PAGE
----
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Successful investors should not follow the herd

By Huang Xiangyang | China Daily | Updated: 2016-12-27 07:39

Successful investors should not follow the herd

A driver fuels his car at a gas station in Jiangxi province. Oil prices have been rising recently. [Photo/China Daily]

One of the lessons I have learned over the years is that to beat the market you have to do just the opposite of what others do. In the battle for wealth the winners are always the tiny minority of people, because decisions made by the majority are always wrong. This is a market driven by herd behavior, and it always will be.

With this in mind, I could smell the scent of money from falling global crude oil prices in the middle of last year. Domestic stocks were overpriced then after the market had been bullish for almost a year. Yet oil prices had dropped by half from more than $100 a barrel a year ago, partly due to uncertain global economic prospects after a financial crisis. It was a good chance to "buy low".

So I put some money in a crude oil-related fund, set up as part of the country's qualified domestic institutional investor programs to invest overseas.

In the following months the oil price continued its downward spiral, falling to $50 and then $40. Accordingly, the net value of my fund holdings shrank markedly.

A supply glut was blamed for the drastic price decline as OPEC nations refused to cut output in a bid to protect their global market share. Advances in US fracking technology used to extract shale oil added to the oil price woes. Goldman Sachs predicted oil could drop to $20 before things got any better.

That worst-case scenario was possible. Production costs in some OPEC countries were said to be well below $20 a barrel, and oil had hit an historic low of $3 in the 1970s.

So should I continue to increase my stake?

I hesitated. Actually I was confused by the major changes which had taken place in the global crude oil market. I recalled how oil hit its historic high of nearly $150 in July 2008, only to plunge to less than $40 five months later. This could not just be explained by changes in supply and demand.

Then suppose the very reason given for the oil price fall-a supply glut-were true, could it be sustained? Each time I wait in my car in a long line at a gas station to refuel, or I am stuck in the city's increasingly worse traffic jams, I feel relieved somehow that the thirst for oil in this country never seems to be satiated.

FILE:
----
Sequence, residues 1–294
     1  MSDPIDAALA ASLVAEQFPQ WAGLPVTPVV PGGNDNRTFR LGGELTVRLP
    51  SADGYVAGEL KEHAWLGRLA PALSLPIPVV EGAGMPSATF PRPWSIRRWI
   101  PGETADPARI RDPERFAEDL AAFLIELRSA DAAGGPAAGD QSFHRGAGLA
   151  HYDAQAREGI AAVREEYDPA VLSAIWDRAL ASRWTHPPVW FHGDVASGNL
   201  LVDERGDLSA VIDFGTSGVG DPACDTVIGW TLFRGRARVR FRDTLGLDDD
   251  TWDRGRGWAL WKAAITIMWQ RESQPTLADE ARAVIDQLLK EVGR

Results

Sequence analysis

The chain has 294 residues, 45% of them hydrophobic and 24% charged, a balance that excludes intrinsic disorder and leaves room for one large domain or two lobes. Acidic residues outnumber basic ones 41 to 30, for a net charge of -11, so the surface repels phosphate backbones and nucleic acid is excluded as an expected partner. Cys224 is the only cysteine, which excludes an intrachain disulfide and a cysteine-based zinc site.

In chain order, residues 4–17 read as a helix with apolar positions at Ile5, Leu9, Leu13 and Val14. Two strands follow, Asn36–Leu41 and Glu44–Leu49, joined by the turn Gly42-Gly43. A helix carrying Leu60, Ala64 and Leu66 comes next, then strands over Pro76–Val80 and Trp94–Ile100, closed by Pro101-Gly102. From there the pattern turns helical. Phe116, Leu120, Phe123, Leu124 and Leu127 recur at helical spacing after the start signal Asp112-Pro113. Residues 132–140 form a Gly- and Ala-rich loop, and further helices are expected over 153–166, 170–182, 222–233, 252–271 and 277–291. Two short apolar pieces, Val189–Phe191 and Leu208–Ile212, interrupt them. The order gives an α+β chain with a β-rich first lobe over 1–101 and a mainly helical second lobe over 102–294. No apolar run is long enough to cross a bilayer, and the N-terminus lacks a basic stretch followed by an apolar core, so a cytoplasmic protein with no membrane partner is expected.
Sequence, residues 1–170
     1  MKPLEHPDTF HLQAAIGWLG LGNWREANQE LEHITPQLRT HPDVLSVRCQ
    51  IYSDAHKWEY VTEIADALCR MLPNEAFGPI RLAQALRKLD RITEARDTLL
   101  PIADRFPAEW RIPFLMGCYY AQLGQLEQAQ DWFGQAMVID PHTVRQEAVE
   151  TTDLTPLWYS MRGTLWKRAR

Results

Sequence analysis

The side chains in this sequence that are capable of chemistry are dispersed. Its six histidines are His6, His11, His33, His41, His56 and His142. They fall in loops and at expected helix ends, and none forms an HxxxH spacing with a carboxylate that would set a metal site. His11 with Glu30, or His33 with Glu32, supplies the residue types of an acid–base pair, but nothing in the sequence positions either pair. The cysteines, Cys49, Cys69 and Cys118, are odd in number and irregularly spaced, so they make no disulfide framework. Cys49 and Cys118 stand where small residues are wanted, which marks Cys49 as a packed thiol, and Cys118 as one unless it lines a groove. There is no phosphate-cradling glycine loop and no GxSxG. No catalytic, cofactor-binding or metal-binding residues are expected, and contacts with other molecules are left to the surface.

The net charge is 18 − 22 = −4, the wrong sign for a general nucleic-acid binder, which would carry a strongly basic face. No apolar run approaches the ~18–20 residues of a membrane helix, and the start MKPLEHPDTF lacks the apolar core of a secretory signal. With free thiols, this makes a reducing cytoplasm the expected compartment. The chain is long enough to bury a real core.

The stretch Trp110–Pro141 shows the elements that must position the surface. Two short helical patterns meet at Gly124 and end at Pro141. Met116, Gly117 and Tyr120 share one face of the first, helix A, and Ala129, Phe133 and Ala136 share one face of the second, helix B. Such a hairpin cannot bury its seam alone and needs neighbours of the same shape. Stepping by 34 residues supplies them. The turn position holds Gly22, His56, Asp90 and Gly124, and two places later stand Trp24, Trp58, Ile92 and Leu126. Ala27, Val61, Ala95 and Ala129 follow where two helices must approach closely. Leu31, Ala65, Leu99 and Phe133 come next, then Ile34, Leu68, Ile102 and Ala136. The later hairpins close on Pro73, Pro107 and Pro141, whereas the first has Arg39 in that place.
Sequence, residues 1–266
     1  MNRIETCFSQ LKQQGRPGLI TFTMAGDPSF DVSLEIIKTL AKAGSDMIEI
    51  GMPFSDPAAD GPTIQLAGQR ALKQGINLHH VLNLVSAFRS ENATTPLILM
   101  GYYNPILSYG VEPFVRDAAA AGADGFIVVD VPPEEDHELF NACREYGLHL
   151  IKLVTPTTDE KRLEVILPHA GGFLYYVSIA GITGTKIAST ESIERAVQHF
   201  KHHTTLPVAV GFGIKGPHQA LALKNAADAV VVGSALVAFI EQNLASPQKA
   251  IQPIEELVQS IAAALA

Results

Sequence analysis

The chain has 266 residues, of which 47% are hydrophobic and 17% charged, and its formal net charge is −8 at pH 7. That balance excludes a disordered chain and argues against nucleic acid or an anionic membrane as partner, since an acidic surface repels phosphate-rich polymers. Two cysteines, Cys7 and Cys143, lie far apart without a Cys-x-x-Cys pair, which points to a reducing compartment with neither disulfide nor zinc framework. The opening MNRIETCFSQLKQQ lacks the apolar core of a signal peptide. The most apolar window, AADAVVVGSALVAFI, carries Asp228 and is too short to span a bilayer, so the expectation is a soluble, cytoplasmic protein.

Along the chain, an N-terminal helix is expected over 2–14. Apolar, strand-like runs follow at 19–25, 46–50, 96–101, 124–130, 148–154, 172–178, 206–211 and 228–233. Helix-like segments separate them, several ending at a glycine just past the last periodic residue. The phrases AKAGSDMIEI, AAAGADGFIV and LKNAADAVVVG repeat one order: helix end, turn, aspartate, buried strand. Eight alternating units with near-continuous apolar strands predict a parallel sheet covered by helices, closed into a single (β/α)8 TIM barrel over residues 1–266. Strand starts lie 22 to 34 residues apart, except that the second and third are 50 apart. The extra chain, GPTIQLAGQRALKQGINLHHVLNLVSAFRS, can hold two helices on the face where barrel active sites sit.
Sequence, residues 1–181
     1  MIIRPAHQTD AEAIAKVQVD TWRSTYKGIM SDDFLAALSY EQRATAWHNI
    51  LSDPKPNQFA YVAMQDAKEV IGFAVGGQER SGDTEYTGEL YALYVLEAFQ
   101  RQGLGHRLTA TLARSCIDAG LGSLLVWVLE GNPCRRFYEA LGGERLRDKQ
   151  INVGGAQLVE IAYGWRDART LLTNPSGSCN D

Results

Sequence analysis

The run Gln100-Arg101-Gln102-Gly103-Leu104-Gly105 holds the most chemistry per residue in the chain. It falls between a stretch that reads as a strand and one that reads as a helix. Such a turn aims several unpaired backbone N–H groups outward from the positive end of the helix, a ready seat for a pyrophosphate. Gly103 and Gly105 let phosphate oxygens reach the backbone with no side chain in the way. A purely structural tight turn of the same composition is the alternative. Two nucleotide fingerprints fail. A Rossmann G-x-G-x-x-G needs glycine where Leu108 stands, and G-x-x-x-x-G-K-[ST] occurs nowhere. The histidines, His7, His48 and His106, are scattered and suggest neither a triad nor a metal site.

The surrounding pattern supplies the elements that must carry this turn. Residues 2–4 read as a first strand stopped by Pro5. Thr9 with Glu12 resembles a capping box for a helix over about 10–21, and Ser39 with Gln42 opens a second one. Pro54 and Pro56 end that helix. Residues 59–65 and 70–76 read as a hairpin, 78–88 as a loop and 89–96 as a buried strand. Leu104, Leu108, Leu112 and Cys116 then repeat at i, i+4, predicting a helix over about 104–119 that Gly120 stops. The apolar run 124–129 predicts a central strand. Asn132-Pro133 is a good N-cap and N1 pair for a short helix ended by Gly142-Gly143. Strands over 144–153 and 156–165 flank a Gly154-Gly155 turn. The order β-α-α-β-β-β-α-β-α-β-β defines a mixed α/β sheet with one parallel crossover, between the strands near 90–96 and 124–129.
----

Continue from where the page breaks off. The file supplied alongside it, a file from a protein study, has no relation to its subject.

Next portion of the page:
As legendary fund manager Peter Lynch put it, "a decline (in prices) is a great opportunity to pick up the bargains left behind by investors who are fleeing the storm in panic".

Emboldened by these words, I poured more money, tens of thousands of yuan, into my fund holdings, in the firm belief that oil prices will not remain that low forever. I was greedy when others panicked.

Then came the time to reap the reward, when OPEC and other oil producing nations clinched a deal to freeze output late last month, which immediately sent oil price up above $50, a 40 percent hike from its low at the start of the year.

In investment, it always pays off to be patient.

For me, the year end is the season of harvest and contemplation, the time when I would look back at my investment results over the past year, and learn from the gains and losses which I may use as a guide for future performance.

I am not a serious investor who spends a lot of time studying news, policies and techniques in pursuit of maximum profit. I don't bet the farm on the market. For me, investment is a fun game to test my judgment, and I use my small investment pool of stocks, funds and gold as a means to feel the pulse of the markets.

This makes it much easier for me to laugh off losses and remain cool-headed amid drastic price fluctuations.

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